Aperture, say what?

Tuesday’s Tip…learning how to use Aperture Priority!  So, shooting in manual mode is still overwhelming?  Then you should learn how to use the 2 semi-automatic priority modes…shutter priority and aperture priority.  Today I’m going to focus on Aperture Priority.  Get out your manual if you need to.  Switch the little mode dial to A or Av (depending on if you are a Nikon or Canon user.)  This will give you full control over the aperture, which means the depth of field shown in your picture.

Here’s a little write up about aperture taken from my DSLR Camera Class Handbook that I give to the participants in my camera class:

What is Aperture?

Aperture is the size of the opening in the lens when a picture is taken.  It is the “iris” of the camera.  It is measured in ‘f-stops’.  Moving from one f-stop to the next doubles or halves the size of the amount of opening in your lens. f/2.8 is a larger aperture and lets more light in than f/22.  (It is backwards from what you think it should be!)  Aperture allows 2 things…more light and more depth of field.  The smaller the number, the more depth of field.

A large depth of field (DOF) means your image will be in focus whether it’s close to your camera or far away.  f/22 would allow for this. A small depth of field or shallow depth of field means that only part of the image is in focus and the rest will be blurry.  f/4.5 can create this.  f/1.8 or 2.8 creates even more blur and has a more dramatic effect.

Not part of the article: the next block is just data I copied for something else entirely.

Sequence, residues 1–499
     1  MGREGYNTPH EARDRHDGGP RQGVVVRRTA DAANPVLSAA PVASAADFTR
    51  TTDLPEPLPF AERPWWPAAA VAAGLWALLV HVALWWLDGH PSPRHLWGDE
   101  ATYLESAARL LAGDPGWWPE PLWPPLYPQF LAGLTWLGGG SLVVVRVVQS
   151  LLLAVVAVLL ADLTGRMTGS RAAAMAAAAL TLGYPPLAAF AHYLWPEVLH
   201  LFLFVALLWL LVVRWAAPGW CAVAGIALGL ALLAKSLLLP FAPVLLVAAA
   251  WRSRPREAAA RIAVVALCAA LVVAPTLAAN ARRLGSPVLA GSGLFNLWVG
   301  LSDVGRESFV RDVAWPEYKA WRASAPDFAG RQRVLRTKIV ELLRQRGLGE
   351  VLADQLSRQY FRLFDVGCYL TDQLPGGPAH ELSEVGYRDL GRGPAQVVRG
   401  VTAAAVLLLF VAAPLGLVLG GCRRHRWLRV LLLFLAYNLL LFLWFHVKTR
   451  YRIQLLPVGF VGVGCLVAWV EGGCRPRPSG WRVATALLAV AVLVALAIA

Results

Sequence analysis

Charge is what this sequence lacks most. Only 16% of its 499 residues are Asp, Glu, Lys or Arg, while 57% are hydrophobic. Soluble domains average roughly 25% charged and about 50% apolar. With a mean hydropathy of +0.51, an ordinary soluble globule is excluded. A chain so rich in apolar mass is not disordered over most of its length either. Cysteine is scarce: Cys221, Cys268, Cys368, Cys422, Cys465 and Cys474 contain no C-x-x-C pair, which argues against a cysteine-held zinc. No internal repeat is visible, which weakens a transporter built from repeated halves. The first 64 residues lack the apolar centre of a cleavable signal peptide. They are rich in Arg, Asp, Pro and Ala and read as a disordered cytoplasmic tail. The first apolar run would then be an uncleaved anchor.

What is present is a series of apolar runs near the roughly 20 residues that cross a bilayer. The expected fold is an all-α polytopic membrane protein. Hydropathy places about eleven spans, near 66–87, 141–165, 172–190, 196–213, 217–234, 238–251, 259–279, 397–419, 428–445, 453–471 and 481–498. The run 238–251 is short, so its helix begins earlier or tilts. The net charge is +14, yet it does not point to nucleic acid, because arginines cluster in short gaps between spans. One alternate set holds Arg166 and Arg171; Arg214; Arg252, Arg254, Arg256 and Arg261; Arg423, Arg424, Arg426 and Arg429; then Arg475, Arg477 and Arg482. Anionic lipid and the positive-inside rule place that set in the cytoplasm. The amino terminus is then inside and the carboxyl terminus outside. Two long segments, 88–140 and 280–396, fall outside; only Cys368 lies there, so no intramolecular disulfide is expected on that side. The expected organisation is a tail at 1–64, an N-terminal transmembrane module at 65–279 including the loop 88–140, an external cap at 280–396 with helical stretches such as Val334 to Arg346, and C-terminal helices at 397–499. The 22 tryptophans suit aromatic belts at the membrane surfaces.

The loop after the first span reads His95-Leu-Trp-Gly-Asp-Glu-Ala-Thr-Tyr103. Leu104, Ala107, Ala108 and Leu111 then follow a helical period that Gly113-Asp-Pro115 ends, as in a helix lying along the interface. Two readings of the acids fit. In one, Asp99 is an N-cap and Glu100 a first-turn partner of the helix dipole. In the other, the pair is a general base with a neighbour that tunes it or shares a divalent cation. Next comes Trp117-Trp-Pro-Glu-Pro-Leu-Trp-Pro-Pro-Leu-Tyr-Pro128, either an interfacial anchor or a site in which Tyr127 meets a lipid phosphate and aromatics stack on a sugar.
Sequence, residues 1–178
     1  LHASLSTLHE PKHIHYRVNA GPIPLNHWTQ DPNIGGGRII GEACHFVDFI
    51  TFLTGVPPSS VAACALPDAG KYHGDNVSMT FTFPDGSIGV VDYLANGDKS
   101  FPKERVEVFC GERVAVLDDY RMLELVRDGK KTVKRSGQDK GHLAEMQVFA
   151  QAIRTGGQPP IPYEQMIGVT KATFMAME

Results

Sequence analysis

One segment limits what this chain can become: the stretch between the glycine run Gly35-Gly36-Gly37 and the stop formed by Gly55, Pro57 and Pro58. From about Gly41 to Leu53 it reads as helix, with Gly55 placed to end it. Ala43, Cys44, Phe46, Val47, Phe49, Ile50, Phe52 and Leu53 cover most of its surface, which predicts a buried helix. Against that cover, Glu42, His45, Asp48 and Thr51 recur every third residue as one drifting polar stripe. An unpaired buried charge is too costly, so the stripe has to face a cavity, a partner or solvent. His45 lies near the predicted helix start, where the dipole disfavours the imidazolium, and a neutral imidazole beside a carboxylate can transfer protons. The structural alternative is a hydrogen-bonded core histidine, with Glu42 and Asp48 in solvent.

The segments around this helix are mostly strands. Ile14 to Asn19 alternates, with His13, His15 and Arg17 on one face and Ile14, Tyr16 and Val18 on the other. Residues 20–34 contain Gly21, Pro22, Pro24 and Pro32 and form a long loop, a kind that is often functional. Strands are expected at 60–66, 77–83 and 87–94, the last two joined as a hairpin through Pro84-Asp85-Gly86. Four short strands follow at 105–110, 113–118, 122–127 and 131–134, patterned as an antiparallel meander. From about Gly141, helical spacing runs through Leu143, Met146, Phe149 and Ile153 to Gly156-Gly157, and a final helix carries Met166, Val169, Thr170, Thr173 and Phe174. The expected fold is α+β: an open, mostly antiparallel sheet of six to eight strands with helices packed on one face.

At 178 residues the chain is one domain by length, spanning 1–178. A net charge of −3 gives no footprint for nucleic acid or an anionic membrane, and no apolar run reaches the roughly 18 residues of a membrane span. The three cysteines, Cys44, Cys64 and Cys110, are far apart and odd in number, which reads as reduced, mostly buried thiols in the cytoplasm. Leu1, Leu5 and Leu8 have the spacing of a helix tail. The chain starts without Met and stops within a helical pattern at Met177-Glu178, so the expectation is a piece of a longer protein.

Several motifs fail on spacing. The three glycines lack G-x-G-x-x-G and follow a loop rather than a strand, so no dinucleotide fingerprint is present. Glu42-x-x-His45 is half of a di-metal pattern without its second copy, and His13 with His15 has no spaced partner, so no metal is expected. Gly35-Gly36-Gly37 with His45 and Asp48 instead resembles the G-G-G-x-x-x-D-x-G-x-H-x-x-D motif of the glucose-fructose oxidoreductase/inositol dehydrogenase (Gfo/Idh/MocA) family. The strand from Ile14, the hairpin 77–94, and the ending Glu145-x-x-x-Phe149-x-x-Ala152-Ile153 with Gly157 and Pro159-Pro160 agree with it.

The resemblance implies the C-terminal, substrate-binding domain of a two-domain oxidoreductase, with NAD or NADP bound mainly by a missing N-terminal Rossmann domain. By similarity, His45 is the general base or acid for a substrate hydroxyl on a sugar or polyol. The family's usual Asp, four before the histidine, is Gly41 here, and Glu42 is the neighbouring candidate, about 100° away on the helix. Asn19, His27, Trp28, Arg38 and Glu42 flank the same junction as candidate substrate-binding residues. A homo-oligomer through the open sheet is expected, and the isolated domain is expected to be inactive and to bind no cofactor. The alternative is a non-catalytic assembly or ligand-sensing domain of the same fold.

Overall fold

How To Use Aperture Priority Mode:
This mode lets you select the aperture and the camera chooses shutter speed to give you a proper exposure.  Aperture priority mode is useful when you want to control the depth of field in a shot (usually a stationary object where you don’t need to control shutter speed). A larger number aperture means the aperture (or the opening in your camera when shooting) is smaller and lets less light in. This means you’ll have a larger depth of field (more of the scene will be in focus) but that your camera will choose a slower shutter speed. Small numbers means the opposite- your aperture is large and lets more light in.  You will have a small depth of field and your camera will probably choose a faster shutter speed for you.  The number for aperture corresponds with “f/#” and is called the f/stop.Go as low as you can go with the number.

So, here’s a little activity for you to do.  Set the aperture number really wide to your smallest number and take a picture.  Then set it really narrow to your larger number and take a picture.  Look at the difference.  Most lenses that come with the camera go to around f/4.  (I have a fixed lens.  Fixed lenses let you take it even lower.  My lens lets me go to f/1.8.  It’s amazing, which you will see in the photos I posted below.)  Take a photo at each interval with being the same distance from the object.  If you don’t see much difference, move your body closer to the object.  Aperture is affected by 2 variables…your physical distance to the object/subject AND also how wide of an aperture your camera lens will let you go!

Here’s a few pictures to show you the difference between two extremes…f/1.8 and f/22.

photo taken at f/1.8

same photo taken at f/22

photo taken at f/1.8

same photo taken at f/22

photo taken at f/1.8...focus point was on Kylie which allows the background to be blurred. If you focused on the background, it would be in focus and Kylie would be blurred instead. 🙂


similar photo taken at f/22

This upcoming Saturday on April 9th I will be teaching another DSLR Class.  If you’re interested in more details, please email me at raindancerstudios@gmail.com.


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